Unmarried couples not welcome in Lebanese hotels…unless they’re foreign

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October 25, 2010 By Paige Kollock

Want to embark on a weekend getaway with your significant other?  Remove yourself from Beirut’s traffic, smog and horns, and relax on the terrace of a mountaintop resort?  Well, if you’re Lebanese and not hitched, you are probably out of luck, as a predominant number of Lebanese hotels forbid unmarried couples from staying together in a room.

While most hotels don’t force you to show a marriage certificate, leaving open the possibility of fibbing, travelling somewhere only to potentially be turned away is anything but relaxing. Lawyers say that, contrary to many hotel managers’ assertions, there is nothing in the Lebanese penal code about unwed couples staying together in hotel rooms, but it is forbidden by what’s called “family law.”

This issue, according to Dr. Khalil Khairallah, a professor of law at the Lebanese University, falls under the religious laws of cohabitation.  Lebanon’s three main religions - Christianity, Sunni Islam and Shia Islam – all forbid cohabitation, which is defined as a male and female living or staying together outside of marriage.  For cohabitation to be legal, says Khairallah, the couple would have to have an official marriage certificate.

If you should try to feign marriage when checking in, and the hotel was to check up on you, you could get a slap on the wrist.  “When it comes to punishment, technically, the hotel could file a complaint against you,” says Khairallah, for “disrupting public decency,” in which case, the police could fine you or mark your record, but that is about the extent of it.

While unwed Lebanese are denied the pleasure of enjoying a hotel room at one of Lebanon’s more than 700 hotels, unwed foreigners are welcome because the cohabitation law does not apply to them.   Hotel staff NOW Lebanon spoke with also said they have “an understanding” for the wayward practices of Europeans and Americans.

“If the guests are not Lebanese, they can book a room,” said Nasrine Jabado, a front desk agent at the Quality Inn in Tripoli.

“If they are coming from abroad, it’s ok,” said an employee at an upscale hotel in Beit Mary who preferred to speak off the record.  “Usually, in Arab countries, that’s hotel policy.”

Not so say foreign couples NOW Lebanon interviewed, who have been turned away at Egyptian and Libyan hotels for lack of a marriage certificate.

Should a “mixed” couple (one Lebanese and one foreigner) try to book a room at a hotel in Lebanon, they too are turned away, if not for the cohabitation law, then certainly for reasons of social norms.

“We don’t like it,” said a manager at one seaside hotel in Beirut. “You don’t like what?” NOW Lebanon asked.  “Couples with different nationalities, or a Lebanese mixing with a foreigner.”

At Monte Alberto Hotel in the Bekka Valley, the self-proclaimed “hanging paradise over the Berdawni River,” where rooms go for around $88 a night, the employee who answered the phone adamantly assured NOW Lebanon that the hotel does not allow unmarried Lebanese couples to stay there.  As for “mixed” couples, “yes….um…no.  Maybe each one can get a room,” he said, insisting that their policy is for “security measures.”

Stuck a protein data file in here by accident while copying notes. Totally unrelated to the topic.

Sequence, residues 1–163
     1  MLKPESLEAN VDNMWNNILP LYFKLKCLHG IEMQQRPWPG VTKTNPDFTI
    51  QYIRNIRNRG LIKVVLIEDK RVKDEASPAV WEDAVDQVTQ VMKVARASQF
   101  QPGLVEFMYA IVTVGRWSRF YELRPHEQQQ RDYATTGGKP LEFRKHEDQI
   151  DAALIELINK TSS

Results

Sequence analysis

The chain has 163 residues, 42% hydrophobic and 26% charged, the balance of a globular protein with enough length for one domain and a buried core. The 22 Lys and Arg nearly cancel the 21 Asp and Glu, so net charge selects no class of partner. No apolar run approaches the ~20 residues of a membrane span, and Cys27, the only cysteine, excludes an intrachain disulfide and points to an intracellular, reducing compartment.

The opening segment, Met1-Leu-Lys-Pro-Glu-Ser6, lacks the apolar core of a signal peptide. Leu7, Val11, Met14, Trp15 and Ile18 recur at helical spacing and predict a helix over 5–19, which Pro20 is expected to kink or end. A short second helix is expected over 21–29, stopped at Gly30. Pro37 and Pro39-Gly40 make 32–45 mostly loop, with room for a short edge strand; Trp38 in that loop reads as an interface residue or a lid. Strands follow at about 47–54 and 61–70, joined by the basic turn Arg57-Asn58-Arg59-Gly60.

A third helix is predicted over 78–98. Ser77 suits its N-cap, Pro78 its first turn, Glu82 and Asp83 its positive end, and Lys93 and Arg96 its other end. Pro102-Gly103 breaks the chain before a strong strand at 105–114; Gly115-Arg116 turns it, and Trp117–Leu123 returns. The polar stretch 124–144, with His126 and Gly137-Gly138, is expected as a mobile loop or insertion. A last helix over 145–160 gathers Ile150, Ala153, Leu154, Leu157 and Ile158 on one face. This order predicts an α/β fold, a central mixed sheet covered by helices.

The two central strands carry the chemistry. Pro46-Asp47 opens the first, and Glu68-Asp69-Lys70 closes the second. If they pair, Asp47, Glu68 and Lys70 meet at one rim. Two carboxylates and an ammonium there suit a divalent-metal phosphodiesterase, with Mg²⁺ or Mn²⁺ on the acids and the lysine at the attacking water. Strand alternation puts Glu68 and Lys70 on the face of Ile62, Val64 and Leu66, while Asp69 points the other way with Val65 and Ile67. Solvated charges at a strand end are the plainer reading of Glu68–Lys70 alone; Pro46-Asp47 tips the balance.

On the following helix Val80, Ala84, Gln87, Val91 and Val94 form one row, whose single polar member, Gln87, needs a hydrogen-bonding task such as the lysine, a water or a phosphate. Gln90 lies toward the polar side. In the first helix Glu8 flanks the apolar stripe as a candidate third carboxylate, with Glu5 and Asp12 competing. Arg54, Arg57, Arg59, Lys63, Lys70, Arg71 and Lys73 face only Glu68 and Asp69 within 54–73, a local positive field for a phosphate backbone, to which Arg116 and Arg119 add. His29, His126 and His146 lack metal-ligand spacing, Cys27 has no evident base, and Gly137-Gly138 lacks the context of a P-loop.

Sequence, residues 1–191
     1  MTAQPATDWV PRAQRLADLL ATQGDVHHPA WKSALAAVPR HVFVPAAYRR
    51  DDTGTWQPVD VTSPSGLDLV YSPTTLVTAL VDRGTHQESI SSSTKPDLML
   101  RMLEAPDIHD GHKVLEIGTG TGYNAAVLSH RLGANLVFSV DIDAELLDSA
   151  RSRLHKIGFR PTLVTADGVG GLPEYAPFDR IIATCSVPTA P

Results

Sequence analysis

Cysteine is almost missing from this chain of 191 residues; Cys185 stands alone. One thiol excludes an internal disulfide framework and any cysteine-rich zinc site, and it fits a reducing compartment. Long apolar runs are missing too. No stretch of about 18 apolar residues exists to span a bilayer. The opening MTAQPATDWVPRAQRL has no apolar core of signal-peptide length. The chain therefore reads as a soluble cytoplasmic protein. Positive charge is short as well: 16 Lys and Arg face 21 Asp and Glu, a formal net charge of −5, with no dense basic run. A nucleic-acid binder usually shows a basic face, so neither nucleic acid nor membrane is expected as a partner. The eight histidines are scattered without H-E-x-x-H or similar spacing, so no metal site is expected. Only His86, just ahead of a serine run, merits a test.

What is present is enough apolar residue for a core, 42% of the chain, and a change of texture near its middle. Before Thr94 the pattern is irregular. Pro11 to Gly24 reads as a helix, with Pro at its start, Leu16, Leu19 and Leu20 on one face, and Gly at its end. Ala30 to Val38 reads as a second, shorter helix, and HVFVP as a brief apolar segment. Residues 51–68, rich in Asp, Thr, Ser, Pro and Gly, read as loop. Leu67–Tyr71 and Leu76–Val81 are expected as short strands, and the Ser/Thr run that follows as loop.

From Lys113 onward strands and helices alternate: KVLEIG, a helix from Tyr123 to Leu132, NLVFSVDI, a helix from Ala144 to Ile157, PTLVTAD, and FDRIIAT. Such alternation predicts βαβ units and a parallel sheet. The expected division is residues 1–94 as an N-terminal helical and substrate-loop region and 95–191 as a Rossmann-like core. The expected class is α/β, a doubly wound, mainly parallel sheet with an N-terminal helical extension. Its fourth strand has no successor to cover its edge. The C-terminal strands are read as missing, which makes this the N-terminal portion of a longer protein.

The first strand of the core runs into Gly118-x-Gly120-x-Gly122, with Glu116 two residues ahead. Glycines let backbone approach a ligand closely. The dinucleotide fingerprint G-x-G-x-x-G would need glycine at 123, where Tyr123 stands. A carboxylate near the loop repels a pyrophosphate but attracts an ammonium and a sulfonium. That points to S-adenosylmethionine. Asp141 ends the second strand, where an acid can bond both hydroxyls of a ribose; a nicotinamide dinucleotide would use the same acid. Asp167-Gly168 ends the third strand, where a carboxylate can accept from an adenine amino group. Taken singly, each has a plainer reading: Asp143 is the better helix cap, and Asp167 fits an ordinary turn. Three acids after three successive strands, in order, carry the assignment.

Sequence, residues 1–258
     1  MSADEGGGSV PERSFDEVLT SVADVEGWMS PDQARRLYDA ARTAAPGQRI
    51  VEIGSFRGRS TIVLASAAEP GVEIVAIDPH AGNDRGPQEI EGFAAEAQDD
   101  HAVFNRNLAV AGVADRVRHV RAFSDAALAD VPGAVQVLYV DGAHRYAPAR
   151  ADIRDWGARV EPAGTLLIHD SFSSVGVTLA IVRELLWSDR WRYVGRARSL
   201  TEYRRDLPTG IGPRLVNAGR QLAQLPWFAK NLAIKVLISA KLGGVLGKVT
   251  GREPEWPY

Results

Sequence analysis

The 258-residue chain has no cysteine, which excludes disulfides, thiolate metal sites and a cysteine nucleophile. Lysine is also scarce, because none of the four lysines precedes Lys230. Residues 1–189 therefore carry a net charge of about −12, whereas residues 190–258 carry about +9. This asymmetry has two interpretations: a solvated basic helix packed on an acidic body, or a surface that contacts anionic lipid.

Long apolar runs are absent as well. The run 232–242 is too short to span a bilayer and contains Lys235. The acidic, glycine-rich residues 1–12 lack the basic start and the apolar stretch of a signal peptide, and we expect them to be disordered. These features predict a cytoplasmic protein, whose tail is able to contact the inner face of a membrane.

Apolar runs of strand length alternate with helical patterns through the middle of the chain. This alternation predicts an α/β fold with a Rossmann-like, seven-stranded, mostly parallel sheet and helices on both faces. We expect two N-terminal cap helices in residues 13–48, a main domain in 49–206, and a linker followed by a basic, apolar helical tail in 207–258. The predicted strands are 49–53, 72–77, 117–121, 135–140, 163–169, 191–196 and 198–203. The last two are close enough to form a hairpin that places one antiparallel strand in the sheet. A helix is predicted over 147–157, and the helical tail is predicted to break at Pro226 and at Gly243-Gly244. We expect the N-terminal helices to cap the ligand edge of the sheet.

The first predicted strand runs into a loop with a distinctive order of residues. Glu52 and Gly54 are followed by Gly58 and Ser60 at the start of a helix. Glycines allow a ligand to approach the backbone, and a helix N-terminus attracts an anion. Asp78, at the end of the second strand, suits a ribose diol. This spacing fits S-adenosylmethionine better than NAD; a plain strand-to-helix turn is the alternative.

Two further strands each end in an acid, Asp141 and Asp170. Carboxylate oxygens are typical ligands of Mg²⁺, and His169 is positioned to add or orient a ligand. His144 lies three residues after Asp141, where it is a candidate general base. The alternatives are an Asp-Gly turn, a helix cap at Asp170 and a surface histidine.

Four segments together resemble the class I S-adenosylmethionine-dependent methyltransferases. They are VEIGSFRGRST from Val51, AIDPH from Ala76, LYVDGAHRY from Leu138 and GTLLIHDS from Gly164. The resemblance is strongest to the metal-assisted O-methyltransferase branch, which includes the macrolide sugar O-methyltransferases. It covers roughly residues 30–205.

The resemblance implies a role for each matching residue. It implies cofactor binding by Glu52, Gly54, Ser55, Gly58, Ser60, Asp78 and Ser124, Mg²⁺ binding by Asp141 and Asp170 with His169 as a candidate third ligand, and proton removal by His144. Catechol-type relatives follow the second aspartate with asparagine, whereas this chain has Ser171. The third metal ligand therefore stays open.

“This is a respectable hotel with a reputation, so we will abide by what General Security asks us,” he added.

In South Lebanon, the famous Rest House hotel, situated on the Mediterranean, is vigilant about the marriage policy.  “We ask for proof,” said Rigian, a hotel employee who would not give her last name.  “If you want to book a room, when you are checking in, I ask for all of the IDs and take a copy of the marriage certificate.  It’s the Lebanese law."

Other hotels, like the one in Beit Mary, say it’s a matter of judgment.

“The cases of obvious prostitution, we don’t allow, but it’s not common as we usually we have families and married couples.  Ultimately, it’s a matter of the couples’ behavior, their length of stay, etc,” said the Beit Mary hotel employee.

Such matters may be handled by the so-called “vice police” in Lebanon, the department of the ISF that deals with drugs, prostitution and public sex, among other issues. But an officer there, who did not want to speak on the record, said the police would never crack down on hotels unless someone specifically called in a complaint.

“We are mainly preoccupied with enforcing the law against prostitution,” he added.

Laws in other Arab countries are similar, though most are more vigilant than Lebanon in confirming a couple’s marriage status.  According to one travel Web site, police in Sharjah, one of the United Arab Emirates, have been going door-to-door to check on unmarried couples staying together.  If found guilty, the offense could be punishable by a year in prison.


Written by

Paige Kollock

1 Review



To be honest, I've heard it was like that tens of years ago in Lebanon but didn't think it is still the case. But why foreigners are allowed?? either both allowed or both not welcome!

October 2010

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